Two ways to simulate a moving average process. A moving average is a linear combination of concurrent and historic noises:

\[\begin{equation} y_t = z_t + z_{t-1} + z_{t-2} \end{equation}\]

where \(y_t\) is the outcome variable that is influenced by noise at this moment (\(z_t\)) and noise from the last two time points. MA(q) processes can occur at any lag, I will use a two lag version here.

The first way to simulate this process is to generate all noise terms and then sample from that distribution throughout our recursive routine.


time <- 200
noise <- rnorm(time)
ma_2 <- NULL
for(i in 3:time){
  ma_2[i] <- noise[i] + 0.7*noise[i-1] + 0.2*noise[i-2]

That simulation results in the following.


df1 <- data.frame(
  'time' = c(1:time),
  'y' = c(ma_2)

ggplot(df1, aes(x = time, y = y)) + 
  geom_point() + 

The second way to simulate it is to generate noise within the loop itself, store the noise, and then apply it to the outcome across time.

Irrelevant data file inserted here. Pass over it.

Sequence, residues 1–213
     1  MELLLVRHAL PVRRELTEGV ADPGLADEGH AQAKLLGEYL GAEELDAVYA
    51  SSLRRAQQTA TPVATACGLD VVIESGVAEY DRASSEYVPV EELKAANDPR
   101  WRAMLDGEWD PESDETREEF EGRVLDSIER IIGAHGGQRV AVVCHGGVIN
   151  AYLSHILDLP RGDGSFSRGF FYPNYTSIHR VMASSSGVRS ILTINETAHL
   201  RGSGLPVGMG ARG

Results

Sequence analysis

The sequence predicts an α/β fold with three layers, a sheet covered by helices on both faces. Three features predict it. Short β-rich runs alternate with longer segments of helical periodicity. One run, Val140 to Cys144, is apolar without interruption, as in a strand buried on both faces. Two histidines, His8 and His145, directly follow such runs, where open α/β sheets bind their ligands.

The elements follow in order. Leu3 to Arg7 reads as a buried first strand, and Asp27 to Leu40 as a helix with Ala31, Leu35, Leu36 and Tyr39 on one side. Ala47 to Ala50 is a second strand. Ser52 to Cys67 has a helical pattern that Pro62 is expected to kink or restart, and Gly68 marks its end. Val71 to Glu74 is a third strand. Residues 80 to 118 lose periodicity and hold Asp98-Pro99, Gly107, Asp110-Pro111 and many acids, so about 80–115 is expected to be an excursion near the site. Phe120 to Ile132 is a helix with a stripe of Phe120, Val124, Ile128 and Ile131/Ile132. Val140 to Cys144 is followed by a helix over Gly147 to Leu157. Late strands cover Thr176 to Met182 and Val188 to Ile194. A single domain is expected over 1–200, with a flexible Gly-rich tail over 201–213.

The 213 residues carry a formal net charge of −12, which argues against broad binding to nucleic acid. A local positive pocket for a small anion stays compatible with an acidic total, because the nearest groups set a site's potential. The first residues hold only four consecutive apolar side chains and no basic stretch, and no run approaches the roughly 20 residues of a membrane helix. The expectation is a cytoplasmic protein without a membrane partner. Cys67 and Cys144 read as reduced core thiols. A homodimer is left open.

yt <- numeric(time)
zs <- numeric(time)

for(i in 1:time){
  if(i == 1){
    zs[i] <- rnorm(1,0,1)
    yt[i] <- zs[i]
  }else if(i == 2){
    zs[i] <- rnorm(1,0,1) 
    yt[i] <- zs[i] + 0.7*zs[i-1]
    zs[i] <- rnorm(1,0,1)
    yt[i] <- zs[i] + 0.7*zs[i-1] + 0.2*zs[i-2]

Here is the plot.

df2 <- data.frame(
  'time' = c(1:time),
  'y' = c(yt)

ggplot(df2, aes(x = time, y = yt)) + 
  geom_point() + 

The second simulation style takes more code but I find it more intuitive. It is difficult for me to wrap my head around simulating all of the noise first and then applying it to the process as if the two are independent components – which is what the first simulation code mimics. To each their own.

Bo\(^2\)m =)